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Online lender Upstart eyes expansion after latest funding round

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The online lender Upstart, which also offers itself as a partner for banks, has raised an additional $50 million to fund its expansion plans — and it’s off to a quick start on some of them.

The San Francisco fintech, which uses artificial intelligence to help make consumer credit decisions, on Monday announced the multimillion-dollar equity investment by Progressive Investment Co., Healthcare of Ontario Pension Plan and First National Bank of Omaha. It also introduced plans for an Upstart-branded credit card and partnerships with three lenders: First National Bank of Omaha, First Federal Bank of Kansas City, Mo., and Accion Chicago.


Upstart, formed by a group of ex-Google employees in 2012, has a direct-to-consumer platform and is a technology provider to banks. It has raised more than $160 million since its inception. It formed its first bank partnership with BankMobile, a unit of Customers Bank in Wyomissing, Pa., in 2017.

The company, citing an internal study, says the loss rate on its loans over the past five years has been less than half of rival platforms’ loss rates when comparing borrowers who have similar FICO scores. Upstart’s pitch to bank partners is that its technology can help them find better credits that outperform their traditional portfolios.

“We did an enormous amount of work adapting machine learning to lending,” said CEO Dave Girouard, a former president of Google Enterprise. “We want to move beyond unsecured personal loans and credit cards and begin to apply our technology to the rest of the market, so we need to grow our team significantly.”

Classic machine learning typically relies on inputting a lot of information, like feeding a computer pictures of cats and dogs so that it knows the difference between the two. Lending is much more complex, as a loan default in the first month has different implications than a loan default in the last month, Girouard said.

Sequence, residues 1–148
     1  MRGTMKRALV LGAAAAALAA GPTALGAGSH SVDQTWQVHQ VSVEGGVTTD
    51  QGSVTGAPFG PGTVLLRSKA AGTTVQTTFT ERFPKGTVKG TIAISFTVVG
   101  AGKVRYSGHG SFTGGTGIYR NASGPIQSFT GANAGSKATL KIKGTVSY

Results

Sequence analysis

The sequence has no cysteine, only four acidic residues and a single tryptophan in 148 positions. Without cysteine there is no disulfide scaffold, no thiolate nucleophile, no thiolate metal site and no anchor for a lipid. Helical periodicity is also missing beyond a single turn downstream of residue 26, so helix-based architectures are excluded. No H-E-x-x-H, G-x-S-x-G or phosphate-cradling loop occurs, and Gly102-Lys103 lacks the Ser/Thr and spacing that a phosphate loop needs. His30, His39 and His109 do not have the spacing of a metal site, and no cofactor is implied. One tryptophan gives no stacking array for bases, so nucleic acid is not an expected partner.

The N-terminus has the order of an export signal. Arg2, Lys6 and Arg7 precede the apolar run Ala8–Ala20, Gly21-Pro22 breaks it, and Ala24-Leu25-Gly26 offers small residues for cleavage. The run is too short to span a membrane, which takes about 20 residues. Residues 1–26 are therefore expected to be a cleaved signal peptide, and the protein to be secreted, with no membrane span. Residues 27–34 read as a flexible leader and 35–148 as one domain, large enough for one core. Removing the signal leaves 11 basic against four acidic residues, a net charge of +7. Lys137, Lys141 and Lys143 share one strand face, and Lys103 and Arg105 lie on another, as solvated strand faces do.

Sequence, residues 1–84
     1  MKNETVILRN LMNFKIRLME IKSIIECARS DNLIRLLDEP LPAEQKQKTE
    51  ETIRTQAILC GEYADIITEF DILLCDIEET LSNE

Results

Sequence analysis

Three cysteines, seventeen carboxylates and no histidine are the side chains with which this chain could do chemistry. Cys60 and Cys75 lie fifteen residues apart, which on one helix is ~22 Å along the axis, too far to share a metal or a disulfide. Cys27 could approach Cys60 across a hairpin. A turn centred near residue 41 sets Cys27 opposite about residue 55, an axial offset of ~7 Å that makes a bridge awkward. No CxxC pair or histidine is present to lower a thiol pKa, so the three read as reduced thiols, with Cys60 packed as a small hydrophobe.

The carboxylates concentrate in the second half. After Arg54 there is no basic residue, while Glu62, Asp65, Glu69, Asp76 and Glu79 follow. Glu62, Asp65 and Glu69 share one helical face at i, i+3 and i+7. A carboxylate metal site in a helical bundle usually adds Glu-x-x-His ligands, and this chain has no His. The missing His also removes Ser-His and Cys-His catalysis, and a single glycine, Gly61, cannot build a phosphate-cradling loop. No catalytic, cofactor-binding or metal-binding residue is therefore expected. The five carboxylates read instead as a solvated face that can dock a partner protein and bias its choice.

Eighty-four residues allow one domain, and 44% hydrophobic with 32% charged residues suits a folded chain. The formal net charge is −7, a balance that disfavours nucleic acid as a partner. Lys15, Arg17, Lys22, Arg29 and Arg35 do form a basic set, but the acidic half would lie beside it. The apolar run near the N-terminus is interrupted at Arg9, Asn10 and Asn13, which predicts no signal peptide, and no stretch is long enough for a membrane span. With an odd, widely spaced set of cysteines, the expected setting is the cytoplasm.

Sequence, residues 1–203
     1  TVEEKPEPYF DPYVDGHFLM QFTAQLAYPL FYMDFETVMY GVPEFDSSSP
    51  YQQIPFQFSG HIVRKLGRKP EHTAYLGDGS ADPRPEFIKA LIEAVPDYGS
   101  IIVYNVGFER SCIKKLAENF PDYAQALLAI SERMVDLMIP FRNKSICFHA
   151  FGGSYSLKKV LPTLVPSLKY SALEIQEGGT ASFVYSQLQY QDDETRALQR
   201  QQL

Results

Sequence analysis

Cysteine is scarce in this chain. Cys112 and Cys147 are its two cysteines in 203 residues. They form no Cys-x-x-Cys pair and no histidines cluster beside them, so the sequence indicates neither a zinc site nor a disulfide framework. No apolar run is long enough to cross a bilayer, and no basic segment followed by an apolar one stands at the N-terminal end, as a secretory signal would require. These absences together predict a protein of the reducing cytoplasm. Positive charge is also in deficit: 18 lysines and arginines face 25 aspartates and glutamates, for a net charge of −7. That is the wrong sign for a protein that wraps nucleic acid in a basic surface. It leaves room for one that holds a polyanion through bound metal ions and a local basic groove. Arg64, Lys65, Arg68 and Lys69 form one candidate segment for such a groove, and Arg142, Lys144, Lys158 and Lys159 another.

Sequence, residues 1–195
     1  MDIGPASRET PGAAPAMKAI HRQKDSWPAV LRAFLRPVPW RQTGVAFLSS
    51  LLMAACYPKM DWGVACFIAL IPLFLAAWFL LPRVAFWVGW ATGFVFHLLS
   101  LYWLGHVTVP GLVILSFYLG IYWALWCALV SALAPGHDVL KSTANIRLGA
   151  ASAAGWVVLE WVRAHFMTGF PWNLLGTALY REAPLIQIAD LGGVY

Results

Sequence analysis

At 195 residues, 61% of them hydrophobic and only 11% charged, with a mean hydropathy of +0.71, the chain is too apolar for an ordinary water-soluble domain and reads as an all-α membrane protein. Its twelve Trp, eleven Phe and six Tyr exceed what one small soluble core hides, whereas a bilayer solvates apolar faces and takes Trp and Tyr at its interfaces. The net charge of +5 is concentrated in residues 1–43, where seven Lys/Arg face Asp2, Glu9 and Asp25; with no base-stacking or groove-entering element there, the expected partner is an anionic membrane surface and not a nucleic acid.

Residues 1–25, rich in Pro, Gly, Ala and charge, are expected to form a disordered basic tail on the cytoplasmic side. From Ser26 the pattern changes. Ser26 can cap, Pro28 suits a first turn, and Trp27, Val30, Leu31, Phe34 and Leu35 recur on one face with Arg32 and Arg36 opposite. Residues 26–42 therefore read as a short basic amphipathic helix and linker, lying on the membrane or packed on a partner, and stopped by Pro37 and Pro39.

Quality of underwriting is one of the few things that can give an entrant to the market an edge, said Lex Sokolin, a fintech entrepreneur and former global director of fintech strategy at Autonomous Research.

“Everything else is uninteresting because there are others who have started earlier or built a bigger consumer distribution,” he said.

The company’s technology takes advantage of a technique called “extreme gradient boosting.” This is where an AI model is laid on top of another model to analyze the areas where the first model could not predict when a loan was going to default.

“This ensemble approach where you don't have just one model is fairly common in modern data science but not very common in lending,” Girouard said.

First National Bank of Omaha will begin using the technology for underwriting unsecured consumer lending in May, said Marc Butterfield, senior vice president of digital and payment solutions at the bank.

“They had already been doing loans to customers for several years and booked tens of thousands of loans to customers,” Butterfield said.

Upstart in 2017 was the first fintech to receive a no-action letter from the Consumer Financial Protection Bureau, which allows it to more comfortably experiment with new products.

Upstart executives “already have an understanding that if Upstart is going to partner with banks, they have to be diligent with working with regulators they had already done that work,” Butterfield said.

Girouard said he plans to take the company public in the next two to three years.

“Banks that we partner with are going to want a technology partner that is public and transparent,” he said.

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Peer-to-peer lending Marketplace lending Consumer lending Artificial intelligence Machine learning First National Bank of Omaha
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